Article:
Cornell University researchers think they've uncovered a problem for eligible women in the dating pool: Their potential partners aren't especially "high-quality". The researchers looked at comparable women who were married, and then "synthesized" spouses for the unmarried women. The "synthesized" men were a whole lot higher-income, better-educated, and regularly-employed than the actual men found in the dating pool. Ouch.

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September 18, 2019

News What's the ideal age for a US President?

The instinct to ask these questions is strong, but the answers should always be context-dependent. A 65-year-old who keeps learning is probably more mentally agile than a 35-year-old who has a fixed worldview. Consider the wide age ranges of achievements by some of history's "greats": Thomas Jefferson started building Monticello around age 25, Warren Buffett took over Berkshire Hathaway around 35, Isaac Newton published Principia Mathematica around 45, and Winston Churchill became UK Prime Minister around age 65. Instead of measuring age, we ought to test candidates' mental agility, curiosity, openness to new ideas, and humility.

Humor and Good News Art that gives a flying flamingo

An interpretation of John Bercow worthy of mounting on a wall

Humor and Good News The doughnut-chicken sandwich is here

Yet another thing we didn't know that 2019 had in store

News Comedy: Let it be thought-provoking, not mindlessly provocative

Some of the best laughs come from an uncomfortable confrontation between something we find familiar and something incongruous or subversive that a comic manages to expose about that familiar thing.

Threats and Hazards "[G]auge the President's risk tolerance and operate just underneath that"

It's hard to dismiss this interpretation of the evidence on how adversaries around the world are operating. And that's worrisome.

Weather and Disasters The only test that matters on climate change

"What are the Dutch doing?"

Business and Finance How much could Warren Buffett charge for tuition?

Warren Buffett himself worked for Benjamin Graham and didn't even ask about salary before accepting the job, because he was so eager to learn from his mentor. Later on, Buffett went to work for himself. Which makes it interesting that one of Buffett's closest associates is leaving to start her own firm. Other people are willing to pay millions of dollars just to have lunch with Buffett. Yet here is someone who has worked closely with him as a paid employee who has decided to stake out on her own. How much could Buffett charge as "tuition" to get someone else to work for him? Undoubtedly it's worth an enormous amount.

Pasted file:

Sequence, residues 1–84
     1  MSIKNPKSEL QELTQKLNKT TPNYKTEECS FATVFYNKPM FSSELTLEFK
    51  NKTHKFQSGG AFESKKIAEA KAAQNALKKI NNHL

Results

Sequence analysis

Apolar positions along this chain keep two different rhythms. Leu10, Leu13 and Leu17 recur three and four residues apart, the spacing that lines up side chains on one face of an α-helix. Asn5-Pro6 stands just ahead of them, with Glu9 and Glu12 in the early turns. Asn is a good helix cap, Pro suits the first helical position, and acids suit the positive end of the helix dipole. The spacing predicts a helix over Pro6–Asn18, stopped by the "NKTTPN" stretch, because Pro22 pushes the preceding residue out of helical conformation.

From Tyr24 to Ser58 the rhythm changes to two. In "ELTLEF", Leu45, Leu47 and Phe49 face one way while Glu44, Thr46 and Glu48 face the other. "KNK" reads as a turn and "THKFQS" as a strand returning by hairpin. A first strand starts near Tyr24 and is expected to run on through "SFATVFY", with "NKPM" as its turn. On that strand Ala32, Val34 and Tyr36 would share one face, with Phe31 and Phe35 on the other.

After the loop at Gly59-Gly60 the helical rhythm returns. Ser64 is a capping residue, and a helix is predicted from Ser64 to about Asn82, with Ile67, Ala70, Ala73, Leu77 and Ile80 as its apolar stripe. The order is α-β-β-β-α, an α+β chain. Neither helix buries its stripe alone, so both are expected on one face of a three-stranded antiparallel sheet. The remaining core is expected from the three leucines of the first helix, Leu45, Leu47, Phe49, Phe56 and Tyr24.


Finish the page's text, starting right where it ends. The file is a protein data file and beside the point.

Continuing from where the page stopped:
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September 19, 2019

News What can a President promise?

Federalist Paper No. 75 was apprehensive about putting powers of negotiation solely into the hands of an executive: "The qualities elsewhere detailed as indispensable in the management of foreign negotiations, point out the Executive as the most fit agent in those transactions; while the vast importance of the trust, and the operation of treaties as laws, plead strongly for the participation of the whole or a portion of the legislative body in the office of making them." And further: "An ambitious man might make his own aggrandizement, by the aid of a foreign power, the price of his treachery to his constituents. The history of human conduct does not warrant that exalted opinion of human virtue which would make it wise in a nation to commit interests of so delicate and momentous a kind as those which concern its intercourse with the rest of the world, to the sole disposal of a magistrate created and circumstanced as would be a President of the United States." Perhaps we need the "Federalist 75 Act": A means by which any whistleblower within the executive branch (or within independent agencies of government) can bring a complaint or warning to the attention of two-thirds of the Senate. We need an Executive Branch to carry out diplomacy. But we cannot abide a neutered legislature that takes a back seat to that role. Foreign affairs must be conducted on a model of pilot-and-copilot in the cockpit with both sets of hands on the controls...not taxi driver in the front and passenger in the back.

Weather and Disasters Part of Houston get two feet of rain

One location may have reached an unbelievable 43". And all from a storm that blew up out of nowhere. It wasn't even a tropical storm until Tuesday at lunchtime. It's really just an amazing amount of rainfall in a very limited period of time.